8:51 a.m. — NASA is about to check the destruct system aboard the three stages of the Saturn V rocket. “In the event, during powered flight, that the vehicle strayed rather violently off course, the Range Safety Officer could take action to destroy the vehicle,” King says, and quickly adds, “which obviously would occur after the astronauts were separated by their escape tower from the faulty vehicle. “

8:54 a.m. — Cronkite tells his viewers there are more than 4,000 members of the media registered at the space center to cover the launch, “more than have covered any other event in history.” Media from 50 nations are represented.

CBS’ David Schumacher tells Cronkite, “It is the foreign reporters who seem to be enjoying themselves the most. About one quarter of the press, as you pointed out, are from overseas. They provided some problems for NASA with a great many arrived with no hotel reservations, no cars, no money and no English, in some cases.”

An Agence France reporter says the launch is big news. “It is a huge story in France and a big magnificent story around the world,” the French reporter explains.

8:56 a.m — King reports, “All still going well with the countdown. A short while ago Spacecraft Test Conductor Skip Chauvin asked Neil Armstrong if the crew was comfortable up there, and Neil reported back. He said, ‘We’re very comfortable – it’s very nice this morning.’”

9:01 a.m. — NASA is finishing checking the various batteries aboard the Saturn V. “We remain on external power through most of the count to preserve those batteries which must be used during the powered flight,” King says. “The batteries all look good.”

9:23 a.m. — “The astronauts in the spacecraft are busy again,” King says. “Commander Neil Armstrong has performed some final switch settings for the Stabilization and Control System of the spacecraft. … Both Armstrong and Buzz Aldrin have armed their rotational hand controllers – the controllers they use in flight.”

The final minutes

9:27 a.m. — “The swing arm now coming back to its fully retracted position as our countdown continues,” King says. “T-minus 4 minutes, 50 seconds and counting.”

9:28 a.m. — King reports that the Test Supervisor tells Launch Vehicle Test Conductor Norm Carlson, “You are Go for launch.”

9:29 a.m. — Launch Operations Manager Paul Donnelly wishes the crew “Good luck and Godspeed.”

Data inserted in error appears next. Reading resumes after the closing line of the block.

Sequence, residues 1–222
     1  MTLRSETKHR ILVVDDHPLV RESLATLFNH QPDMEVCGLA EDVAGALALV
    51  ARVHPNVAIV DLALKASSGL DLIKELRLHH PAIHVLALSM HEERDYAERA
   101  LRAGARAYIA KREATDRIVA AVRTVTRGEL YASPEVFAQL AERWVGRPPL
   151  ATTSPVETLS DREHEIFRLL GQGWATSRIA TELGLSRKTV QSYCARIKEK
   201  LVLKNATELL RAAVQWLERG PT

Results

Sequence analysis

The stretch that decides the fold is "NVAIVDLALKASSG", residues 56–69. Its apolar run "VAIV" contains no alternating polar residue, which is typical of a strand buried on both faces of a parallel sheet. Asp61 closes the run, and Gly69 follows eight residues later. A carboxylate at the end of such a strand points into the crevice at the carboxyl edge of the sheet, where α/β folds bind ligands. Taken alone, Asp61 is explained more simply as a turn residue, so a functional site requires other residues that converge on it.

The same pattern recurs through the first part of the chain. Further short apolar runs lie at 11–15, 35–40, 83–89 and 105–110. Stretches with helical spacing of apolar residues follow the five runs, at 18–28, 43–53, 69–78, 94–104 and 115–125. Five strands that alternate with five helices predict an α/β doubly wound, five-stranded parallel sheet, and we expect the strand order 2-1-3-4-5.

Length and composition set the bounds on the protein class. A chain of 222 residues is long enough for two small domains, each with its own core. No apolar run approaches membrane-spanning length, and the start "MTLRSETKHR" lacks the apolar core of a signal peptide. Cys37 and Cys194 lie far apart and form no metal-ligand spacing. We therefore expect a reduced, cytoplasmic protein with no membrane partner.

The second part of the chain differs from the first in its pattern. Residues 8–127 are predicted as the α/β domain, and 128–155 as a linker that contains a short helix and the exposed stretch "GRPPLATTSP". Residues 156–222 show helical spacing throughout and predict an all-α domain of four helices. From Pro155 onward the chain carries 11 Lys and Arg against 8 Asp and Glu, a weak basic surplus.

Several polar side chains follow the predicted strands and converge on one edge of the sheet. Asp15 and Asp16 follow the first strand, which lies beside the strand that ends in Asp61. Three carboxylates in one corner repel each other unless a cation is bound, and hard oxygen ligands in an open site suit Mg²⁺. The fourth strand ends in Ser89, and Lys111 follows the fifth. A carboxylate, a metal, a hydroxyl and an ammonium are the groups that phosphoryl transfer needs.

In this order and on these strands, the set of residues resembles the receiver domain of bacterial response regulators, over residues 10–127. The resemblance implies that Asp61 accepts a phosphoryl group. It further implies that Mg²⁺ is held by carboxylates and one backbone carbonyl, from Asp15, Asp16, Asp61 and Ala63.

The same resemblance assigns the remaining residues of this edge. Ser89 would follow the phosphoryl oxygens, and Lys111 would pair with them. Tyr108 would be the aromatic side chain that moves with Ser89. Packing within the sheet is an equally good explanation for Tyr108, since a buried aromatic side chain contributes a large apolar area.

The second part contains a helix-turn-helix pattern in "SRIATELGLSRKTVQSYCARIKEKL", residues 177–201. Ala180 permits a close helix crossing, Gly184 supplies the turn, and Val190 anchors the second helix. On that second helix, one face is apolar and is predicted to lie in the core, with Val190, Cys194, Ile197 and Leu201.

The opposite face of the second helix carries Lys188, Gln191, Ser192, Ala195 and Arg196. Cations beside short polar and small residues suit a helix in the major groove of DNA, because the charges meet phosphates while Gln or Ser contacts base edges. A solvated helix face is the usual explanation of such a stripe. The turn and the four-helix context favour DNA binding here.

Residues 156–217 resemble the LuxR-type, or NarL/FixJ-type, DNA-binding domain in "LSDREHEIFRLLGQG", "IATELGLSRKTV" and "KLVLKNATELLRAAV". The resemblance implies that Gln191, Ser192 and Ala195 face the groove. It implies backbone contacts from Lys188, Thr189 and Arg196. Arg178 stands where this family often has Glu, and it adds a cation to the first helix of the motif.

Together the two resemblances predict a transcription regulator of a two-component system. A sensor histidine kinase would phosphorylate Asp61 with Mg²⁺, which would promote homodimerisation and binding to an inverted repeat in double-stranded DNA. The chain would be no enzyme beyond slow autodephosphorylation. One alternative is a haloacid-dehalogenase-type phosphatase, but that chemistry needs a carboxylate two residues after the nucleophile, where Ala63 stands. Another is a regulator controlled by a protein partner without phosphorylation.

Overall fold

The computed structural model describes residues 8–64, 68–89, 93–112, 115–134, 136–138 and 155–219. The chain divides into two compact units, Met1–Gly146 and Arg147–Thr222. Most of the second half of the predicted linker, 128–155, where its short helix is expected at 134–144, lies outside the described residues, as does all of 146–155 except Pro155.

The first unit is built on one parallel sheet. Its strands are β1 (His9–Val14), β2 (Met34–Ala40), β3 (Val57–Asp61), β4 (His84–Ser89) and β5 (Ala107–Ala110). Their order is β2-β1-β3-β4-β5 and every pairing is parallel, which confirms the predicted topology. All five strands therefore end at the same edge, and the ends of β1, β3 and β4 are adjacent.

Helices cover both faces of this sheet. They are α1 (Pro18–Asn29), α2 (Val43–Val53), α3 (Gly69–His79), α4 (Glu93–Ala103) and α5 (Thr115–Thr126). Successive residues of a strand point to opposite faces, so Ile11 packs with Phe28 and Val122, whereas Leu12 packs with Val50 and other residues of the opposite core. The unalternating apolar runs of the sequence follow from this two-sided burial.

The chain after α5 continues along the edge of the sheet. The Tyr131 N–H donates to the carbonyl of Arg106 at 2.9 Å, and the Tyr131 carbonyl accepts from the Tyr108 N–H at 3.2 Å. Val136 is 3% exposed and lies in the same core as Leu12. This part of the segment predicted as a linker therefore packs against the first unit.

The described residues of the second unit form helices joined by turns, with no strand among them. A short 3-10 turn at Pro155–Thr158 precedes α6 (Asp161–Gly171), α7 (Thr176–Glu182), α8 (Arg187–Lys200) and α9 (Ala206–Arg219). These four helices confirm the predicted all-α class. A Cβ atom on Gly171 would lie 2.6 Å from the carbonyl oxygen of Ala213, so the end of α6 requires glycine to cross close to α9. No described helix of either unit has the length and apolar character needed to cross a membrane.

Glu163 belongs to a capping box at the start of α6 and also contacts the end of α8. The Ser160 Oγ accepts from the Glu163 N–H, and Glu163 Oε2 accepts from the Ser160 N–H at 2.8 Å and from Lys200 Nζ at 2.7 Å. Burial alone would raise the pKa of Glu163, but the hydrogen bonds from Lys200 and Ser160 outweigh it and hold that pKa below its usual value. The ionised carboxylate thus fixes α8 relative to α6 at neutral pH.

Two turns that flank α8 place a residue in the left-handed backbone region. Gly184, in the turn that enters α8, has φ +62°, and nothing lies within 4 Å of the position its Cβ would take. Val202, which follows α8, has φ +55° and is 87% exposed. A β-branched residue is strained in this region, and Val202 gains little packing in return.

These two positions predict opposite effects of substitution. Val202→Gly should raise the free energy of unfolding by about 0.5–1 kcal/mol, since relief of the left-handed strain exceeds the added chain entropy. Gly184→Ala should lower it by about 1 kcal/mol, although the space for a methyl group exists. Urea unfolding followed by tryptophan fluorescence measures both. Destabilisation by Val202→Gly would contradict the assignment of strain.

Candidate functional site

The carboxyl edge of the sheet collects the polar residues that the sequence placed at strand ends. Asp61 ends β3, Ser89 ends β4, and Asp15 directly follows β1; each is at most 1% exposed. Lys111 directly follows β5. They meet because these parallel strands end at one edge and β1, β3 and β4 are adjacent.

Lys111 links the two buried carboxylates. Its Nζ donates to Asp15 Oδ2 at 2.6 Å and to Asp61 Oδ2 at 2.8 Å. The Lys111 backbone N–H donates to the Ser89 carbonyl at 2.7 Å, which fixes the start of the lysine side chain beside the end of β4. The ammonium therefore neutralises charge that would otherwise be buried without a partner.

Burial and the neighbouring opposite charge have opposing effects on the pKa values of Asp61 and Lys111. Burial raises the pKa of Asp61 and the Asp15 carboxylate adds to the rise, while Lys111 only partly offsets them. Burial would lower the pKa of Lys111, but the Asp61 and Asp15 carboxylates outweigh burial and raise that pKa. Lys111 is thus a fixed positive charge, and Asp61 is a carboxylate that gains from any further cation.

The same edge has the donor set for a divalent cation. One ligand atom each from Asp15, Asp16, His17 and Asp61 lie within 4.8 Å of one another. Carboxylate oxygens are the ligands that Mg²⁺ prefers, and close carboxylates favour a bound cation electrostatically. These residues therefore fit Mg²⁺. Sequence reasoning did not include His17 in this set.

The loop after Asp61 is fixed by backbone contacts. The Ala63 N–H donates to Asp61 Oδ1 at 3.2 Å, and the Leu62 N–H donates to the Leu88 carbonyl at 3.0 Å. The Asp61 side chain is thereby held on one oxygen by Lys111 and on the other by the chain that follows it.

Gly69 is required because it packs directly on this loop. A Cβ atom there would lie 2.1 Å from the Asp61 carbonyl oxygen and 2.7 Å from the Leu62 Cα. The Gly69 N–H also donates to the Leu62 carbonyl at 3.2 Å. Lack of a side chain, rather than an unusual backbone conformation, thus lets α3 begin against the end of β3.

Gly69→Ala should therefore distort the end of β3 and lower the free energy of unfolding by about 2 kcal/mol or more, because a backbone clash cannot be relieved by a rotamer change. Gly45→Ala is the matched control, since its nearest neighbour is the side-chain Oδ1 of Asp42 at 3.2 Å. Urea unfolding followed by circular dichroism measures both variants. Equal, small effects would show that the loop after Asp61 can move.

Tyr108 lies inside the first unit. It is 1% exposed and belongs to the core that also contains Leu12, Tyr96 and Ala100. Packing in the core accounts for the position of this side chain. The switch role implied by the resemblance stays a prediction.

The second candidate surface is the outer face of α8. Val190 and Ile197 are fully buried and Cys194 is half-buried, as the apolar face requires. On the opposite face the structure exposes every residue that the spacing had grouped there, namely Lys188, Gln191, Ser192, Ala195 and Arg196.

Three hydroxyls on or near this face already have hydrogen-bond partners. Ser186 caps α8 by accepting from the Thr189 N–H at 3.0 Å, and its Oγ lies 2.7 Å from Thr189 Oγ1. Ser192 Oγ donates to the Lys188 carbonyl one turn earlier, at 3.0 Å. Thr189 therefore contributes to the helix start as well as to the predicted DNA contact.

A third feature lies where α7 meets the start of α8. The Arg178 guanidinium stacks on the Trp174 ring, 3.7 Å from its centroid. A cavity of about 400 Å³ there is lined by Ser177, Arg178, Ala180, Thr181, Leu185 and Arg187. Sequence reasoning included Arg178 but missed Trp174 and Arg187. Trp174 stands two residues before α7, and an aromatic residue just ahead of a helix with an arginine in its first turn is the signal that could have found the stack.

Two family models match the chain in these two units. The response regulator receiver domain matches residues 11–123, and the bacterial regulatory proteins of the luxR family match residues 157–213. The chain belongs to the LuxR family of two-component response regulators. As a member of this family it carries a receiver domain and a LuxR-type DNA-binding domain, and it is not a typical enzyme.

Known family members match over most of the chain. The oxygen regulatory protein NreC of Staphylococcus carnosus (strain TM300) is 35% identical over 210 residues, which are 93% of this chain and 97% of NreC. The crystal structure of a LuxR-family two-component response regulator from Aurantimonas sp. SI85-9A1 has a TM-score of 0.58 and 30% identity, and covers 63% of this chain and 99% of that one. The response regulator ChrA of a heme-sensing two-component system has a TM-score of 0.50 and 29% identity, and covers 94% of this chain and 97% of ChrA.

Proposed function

9:30 a.m. — “One minute, 25 seconds and counting,” King reports. “Our status board indicates the third stage completely pressurized. Eighty-second mark has now been passed. We’ll go on full internal power at the 50-second mark in the countdown. Guidance system goes on internal at 17 seconds leading up to the ignition sequence at 8.9 seconds. We’re approaching the 60-second mark on the Apollo 11 mission.

9:31 a.m. — “Neil Armstrong just reported back: ‘It’s been a real smooth countdown.’ We’ve passed the 50-second mark. Power transfer is complete – we’re on internal power with the launch vehicle at this time. Forty seconds away from the Apollo 11 liftoff. All the second stage tanks now pressurized. Thirty-five seconds and counting. We are still Go with Apollo 11. Thirty seconds and counting. Astronauts report, ‘It feels good.’ T-minus 25 seconds.

“Twenty seconds and counting. T-minus 15 seconds, guidance is internal. Twelve, 11, 10, 9, ignition sequence starts…

“…6, 5, 4, 3, 1, zero, all engine running,” King says excitedly, instead of “all engines running.”

9:32 a.m. — “LIFTOFF! We have a liftoff, 32 minutes past the hour. Liftoff on Apollo 11,” King exclaims.

“Oh, boy,” Cronkite says in a low half-excited, half-nervous voice. “Oh, boy, it looks good Wally.”

After someone is heard in the background saying “tower clear,” King repeats “Tower cleared.” This is the signal that control of Apollo 11 is now transferred from Kennedy Space Center to Mission Control in Houston.

Armstrong, heard for the first time today, radios back to Mission Control, “Roger. We got a roll program,” meaning the Saturn V is now aligned properly for its historic flight.

“What a moment!” Cronkite says enthusiastically, “Man on the way to the moon!”

This story is part of the Orlando Sentinel’s “Countdown to Apollo 11: The First Moon Landing” – 30 days of stories leading up to 50th anniversary of the historic first steps on moon on July 20, 1969. More stories, photos and videos at


© 2019 The Orlando Sentinel (Orlando, Fla.)